Background: Renal cystic disease arising from various etiologies results in fluid-filled cavities within the kidneys. Moreover, preexisting renal dysfunction has been shown to exacerbate multiple pathologies. While swine bred for biomedical research are often clinically inspected for illness/parasites, more advanced diagnostics may aid in uncovering underlying renal abnormalities. Methods: Computed tomography was performed in 54 female prepubertal Yorkshire swine to characterize renal cysts; urine and blood chemistry, and histology of cysts were also performed. Results: Digital reconstruction of right and left kidneys demonstrated that roughly one-third of the animals (17/54; 31%) had one or more renal cyst. Circulating biomarkers of renal function were not different between animals that had cysts and those that did not. Alternatively, urinary glucose (P =.03) was higher and sodium (P =.07) tended to be lower in animals with cysts compared to animals without, with no differences in protein (P =.14) or potassium (P =.20). Aspiration of cystic fluid was feasible in two animals, which revealed that the cystic fluid urea nitrogen (97.6 ± 28.7 vs 911.3 ± 468.2 mg/dL), potassium (29.8 ± 14.4 vs 148.2 ± 24.85 mmol/L), uric acid (2.55 ± 1.35 vs 11.4 ± 5.65 mg/dL), and creatinine (60.34 ± 17.26 vs 268.99 ± 95.79 mg/dL) were much lower than in the urine. Histology demonstrated a cyst that markedly compresses the adjacent cortex and is lined by a single layer of flattened epithelium, bounded by fibrous connective tissue which extends into the parenchyma. There is tubular atrophy and loss in these areas. Conclusion: This study provides valuable insight for future studies focusing on kidney function in swine bred for biomedical research.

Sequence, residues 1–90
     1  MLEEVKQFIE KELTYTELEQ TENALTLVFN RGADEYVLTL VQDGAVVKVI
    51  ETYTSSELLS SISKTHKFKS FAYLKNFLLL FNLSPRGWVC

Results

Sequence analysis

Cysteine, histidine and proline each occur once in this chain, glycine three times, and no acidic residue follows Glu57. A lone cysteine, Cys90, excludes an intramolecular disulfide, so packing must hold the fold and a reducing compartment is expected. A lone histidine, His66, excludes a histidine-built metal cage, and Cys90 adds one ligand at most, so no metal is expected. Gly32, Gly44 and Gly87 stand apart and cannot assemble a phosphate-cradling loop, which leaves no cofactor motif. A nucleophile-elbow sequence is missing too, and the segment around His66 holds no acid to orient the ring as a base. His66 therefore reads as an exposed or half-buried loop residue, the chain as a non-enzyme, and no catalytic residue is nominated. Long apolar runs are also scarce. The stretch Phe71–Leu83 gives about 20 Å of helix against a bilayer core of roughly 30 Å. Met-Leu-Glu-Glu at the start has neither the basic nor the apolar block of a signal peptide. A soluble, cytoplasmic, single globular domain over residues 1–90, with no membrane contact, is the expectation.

- computed tomography
- renal dysfunction